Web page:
From 2004 comes Bride and Prejudice. It has the same director of "Bending like Beckam" and it puts the plot now and in India. Maybe not for everyone, but I, as well as being janeitaI have a weakness for Bollywood, so I really enjoyed this movie. If this being said, you dare with this music, you have to see the whole thing including the credits, it is worth it.
Retrato de jane Austen
2005 What to say about this release. I was not expecting anything and I liked it and even I found it a nice movie, but it is not "Pride and Prejudice" or anything that could have conceived Jane Austen (the hodgepodge of Loungbourg first dance and the peculiar visit from Lady Catherine , that melancholy more like a novel of the Bronte ...). What's so good? Well, Mr. Darcy appears worthy and interesting and Wickham is the, ahem, more hottest in history of adaptations. And by the way, do not miss the scene with which the film ends in the USA version and that was, fortunately erased in Europe, although I can not imagine why they thought it would be better the walk in pajamas on the moor.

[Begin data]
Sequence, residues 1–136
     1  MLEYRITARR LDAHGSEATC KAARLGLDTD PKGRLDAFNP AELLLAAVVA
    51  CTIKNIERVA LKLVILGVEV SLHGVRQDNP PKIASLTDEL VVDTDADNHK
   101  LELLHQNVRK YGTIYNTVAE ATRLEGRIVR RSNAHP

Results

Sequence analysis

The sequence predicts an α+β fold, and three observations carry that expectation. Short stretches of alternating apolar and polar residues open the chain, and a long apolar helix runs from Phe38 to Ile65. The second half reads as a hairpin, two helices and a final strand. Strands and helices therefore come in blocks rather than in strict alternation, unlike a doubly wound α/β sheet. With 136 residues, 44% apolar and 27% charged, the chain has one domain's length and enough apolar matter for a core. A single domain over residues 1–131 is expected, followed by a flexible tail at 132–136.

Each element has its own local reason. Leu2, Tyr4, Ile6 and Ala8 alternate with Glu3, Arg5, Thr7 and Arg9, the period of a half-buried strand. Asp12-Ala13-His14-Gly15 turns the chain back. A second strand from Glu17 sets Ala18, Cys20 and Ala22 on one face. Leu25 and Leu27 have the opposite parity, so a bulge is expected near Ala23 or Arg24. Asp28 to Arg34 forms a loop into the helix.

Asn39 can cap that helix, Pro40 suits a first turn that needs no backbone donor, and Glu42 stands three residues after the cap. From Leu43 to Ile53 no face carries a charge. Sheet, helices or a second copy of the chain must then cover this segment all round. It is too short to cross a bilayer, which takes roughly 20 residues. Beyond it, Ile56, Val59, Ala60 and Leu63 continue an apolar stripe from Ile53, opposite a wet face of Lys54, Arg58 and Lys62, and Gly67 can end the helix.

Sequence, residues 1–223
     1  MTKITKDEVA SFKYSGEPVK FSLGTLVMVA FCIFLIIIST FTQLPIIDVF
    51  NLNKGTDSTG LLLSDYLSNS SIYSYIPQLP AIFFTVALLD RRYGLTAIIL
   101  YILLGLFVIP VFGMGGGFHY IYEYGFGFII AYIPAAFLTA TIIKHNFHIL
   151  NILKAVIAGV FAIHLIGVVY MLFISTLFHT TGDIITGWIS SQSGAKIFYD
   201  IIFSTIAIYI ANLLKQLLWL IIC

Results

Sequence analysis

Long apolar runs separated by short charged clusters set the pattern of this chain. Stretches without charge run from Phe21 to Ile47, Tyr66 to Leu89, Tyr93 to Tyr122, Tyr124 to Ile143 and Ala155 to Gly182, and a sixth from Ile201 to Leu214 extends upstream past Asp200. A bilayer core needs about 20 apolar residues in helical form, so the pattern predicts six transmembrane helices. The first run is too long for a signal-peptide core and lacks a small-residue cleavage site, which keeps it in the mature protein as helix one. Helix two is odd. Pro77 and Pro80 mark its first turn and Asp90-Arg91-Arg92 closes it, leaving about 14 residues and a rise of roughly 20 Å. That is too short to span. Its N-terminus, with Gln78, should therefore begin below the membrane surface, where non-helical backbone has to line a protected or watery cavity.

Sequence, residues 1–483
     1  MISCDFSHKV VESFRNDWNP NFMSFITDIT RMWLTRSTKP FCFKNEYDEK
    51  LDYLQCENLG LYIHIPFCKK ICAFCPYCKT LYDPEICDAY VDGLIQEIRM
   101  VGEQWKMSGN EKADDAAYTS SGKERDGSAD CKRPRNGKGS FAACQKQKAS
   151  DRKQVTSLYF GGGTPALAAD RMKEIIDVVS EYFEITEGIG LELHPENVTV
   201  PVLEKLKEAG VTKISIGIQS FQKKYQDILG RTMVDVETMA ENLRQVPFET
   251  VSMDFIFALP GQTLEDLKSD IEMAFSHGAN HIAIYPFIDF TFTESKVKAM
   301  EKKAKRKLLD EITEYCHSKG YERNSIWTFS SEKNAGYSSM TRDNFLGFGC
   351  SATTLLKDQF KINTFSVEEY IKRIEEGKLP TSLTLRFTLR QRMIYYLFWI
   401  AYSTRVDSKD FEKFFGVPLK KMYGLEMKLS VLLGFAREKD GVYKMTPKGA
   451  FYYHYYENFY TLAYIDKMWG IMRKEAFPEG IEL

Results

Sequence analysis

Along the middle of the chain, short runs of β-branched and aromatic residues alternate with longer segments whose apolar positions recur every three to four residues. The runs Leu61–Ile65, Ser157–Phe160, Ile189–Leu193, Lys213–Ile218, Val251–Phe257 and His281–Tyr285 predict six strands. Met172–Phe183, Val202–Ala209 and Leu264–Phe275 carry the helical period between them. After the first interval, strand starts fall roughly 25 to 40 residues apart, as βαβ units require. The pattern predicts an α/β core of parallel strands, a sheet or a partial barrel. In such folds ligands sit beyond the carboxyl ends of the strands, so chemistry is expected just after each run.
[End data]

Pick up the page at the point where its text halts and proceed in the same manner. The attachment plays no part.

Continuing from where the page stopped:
And finally some trivia: in 1952 the BBC filmed a version of 6 episodes which I had no news until my research for this review and I mention because Mr. Darcy is none other than Peter Cushing, converted later in the Sherlock Holmes vampire slayer by the Hammer. In 1956 American television filmed another version adapted by Hellene Hanff, the writer of 84 Charing Cross Road. From 1957, there is an italian version with Virna Lisi. And from 1966, a Spanish one that TVE in its show Novela with Tina Sainz and Víctor Valverde, but not in the biggest roles. About this and much more about Spanish translations and versions of Jane Austen you have the article "A la Señorita Austen: Una visión general de las adaptaciones españolas" by Mari Carmen Romero Sánchez. I haven't seen it, but in Complutense's Library, you can find another adaptation "Pride and Prejudice: the film" in a United States College. And finally, I will mention the 2001 film Bridget Jones's Diary based in the famous book by Helen Fielding, and to top it, she wrote it when she saw Colin Firth in the 1995 version.